Here, there are plenty of desirable alley streets in the most desirable dense areas. Here's one: broadway baltimore - Google Maps These homes sell for less than those on the main block, probably, but above median for the city. In a city with tons of vacancy and low housing costs, the fact that people still wish to live in these alleys tells me that the alley houses here represent a cheaper opportunity to live in a strong neighborhood ... instead of spending the same or less and living in a bigger house in one that it is transitional.

Of course there are many more blocks like the Pittsburgh example ... So the question is should they remain in their current state while the rest of the block awaits gentrification, or should they be razed in an effort to speed up said gentrification?

I'm unsure of the answer. Like many things in urban planning ... it might be on a case by case basis.
Reply With Quote Quick reply to this message
 
Old 04-22-2013, 01:39 PM
 
Location: Vallejo
14,072 posts, read 16,098,416 times
Reputation: 12647
Quote:
Originally Posted by HandsUpThumbsDown View Post
Here, there are plenty of desirable alley streets in the most desirable dense areas. Here's one: broadway baltimore - Google Maps These homes sell for less than those on the main block, probably, but above median for the city. In a city with tons of vacancy and low housing costs, the fact that people still wish to live in these alleys tells me that the alley houses here represent a cheaper opportunity to live in a strong neighborhood ... instead of spending the same or less and living in a bigger house in one that it is transitional.

Of course there are many more blocks like the Pittsburgh example ... So the question is should they remain in their current state while the rest of the block awaits gentrification, or should they be razed in an effort to speed up said gentrification?

I'm unsure of the answer. Like many things in urban planning ... it might be on a case by case basis.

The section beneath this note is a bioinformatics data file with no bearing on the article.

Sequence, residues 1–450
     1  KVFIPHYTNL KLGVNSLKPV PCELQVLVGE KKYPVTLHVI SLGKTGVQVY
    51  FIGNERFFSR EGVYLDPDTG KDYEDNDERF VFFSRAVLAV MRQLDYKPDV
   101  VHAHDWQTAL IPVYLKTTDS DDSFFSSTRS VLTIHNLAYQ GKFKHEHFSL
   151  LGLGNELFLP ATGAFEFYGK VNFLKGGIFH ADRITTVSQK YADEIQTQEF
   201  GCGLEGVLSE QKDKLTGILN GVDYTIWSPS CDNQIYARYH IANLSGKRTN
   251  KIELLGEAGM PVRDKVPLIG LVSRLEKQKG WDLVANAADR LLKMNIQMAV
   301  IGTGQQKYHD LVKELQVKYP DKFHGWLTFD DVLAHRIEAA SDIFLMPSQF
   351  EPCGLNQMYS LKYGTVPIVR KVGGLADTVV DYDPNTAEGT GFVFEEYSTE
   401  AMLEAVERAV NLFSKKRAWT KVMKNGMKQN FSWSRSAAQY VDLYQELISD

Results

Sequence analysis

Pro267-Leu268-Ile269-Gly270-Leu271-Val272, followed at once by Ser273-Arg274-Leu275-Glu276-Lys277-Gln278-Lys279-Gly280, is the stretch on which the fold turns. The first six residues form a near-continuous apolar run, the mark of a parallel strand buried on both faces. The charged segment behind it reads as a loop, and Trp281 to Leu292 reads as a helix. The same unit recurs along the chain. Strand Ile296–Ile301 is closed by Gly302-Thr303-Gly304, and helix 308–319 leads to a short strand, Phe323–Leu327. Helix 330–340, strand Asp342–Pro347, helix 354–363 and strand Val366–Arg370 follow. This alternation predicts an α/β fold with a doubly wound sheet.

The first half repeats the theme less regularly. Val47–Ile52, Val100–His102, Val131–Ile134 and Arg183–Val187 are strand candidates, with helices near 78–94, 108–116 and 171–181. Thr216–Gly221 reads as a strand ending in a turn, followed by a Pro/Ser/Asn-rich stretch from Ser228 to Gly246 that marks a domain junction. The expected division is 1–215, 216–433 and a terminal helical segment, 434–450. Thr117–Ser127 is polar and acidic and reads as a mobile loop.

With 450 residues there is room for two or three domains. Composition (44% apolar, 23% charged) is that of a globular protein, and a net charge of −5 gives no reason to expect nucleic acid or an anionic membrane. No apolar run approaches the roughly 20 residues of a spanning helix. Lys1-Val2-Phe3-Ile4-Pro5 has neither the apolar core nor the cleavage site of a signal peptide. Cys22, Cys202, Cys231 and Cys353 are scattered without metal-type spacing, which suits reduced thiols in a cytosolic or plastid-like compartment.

Well, I think needlessly tearing down houses where there is demand is stupid... but I don't think that's what was being suggested.

Moreover, if you look at someplace in Baltimore where there isn't demand, that does seem to be what they are doing.
https://maps.google.com/maps?q=broad...,25.3,,0,-1.53

Many more of the houses on the alley streets have been torn down there than on the main streets. Only so much you can do, of course. Even removing all the alley housing (and the owners, if vacant but not abandoned might object to that), I think you'd still have more supply than demand. As long as the buildings are structurally sound, it's pretty cheap to slap a coat of stucco on the buildings. So even on the main streets, a good number of the abandoned houses have new stucco facades up and are just as likely to be abandoned as the decaying ones they rub shoulders with. Maybe more... I definitely fall into the stucco looks tacky camp.

You end up in the odd situation where it's actually the abandoned buildings that are most likely to have anything of retained architectural value. The inhabited buildings, eventually you've got to deal with the leaky facade and the cheapest thing to do is nail up some chickenwire and stucco it.
https://maps.google.com/maps?q=broad...20.13,,0,-3.67
Reply With Quote Quick reply to this message
 
Old 04-22-2013, 02:08 PM
 
Location: North Baltimore ----> Seattle
6,473 posts, read 11,108,470 times
Reputation: 3117
Good points, all.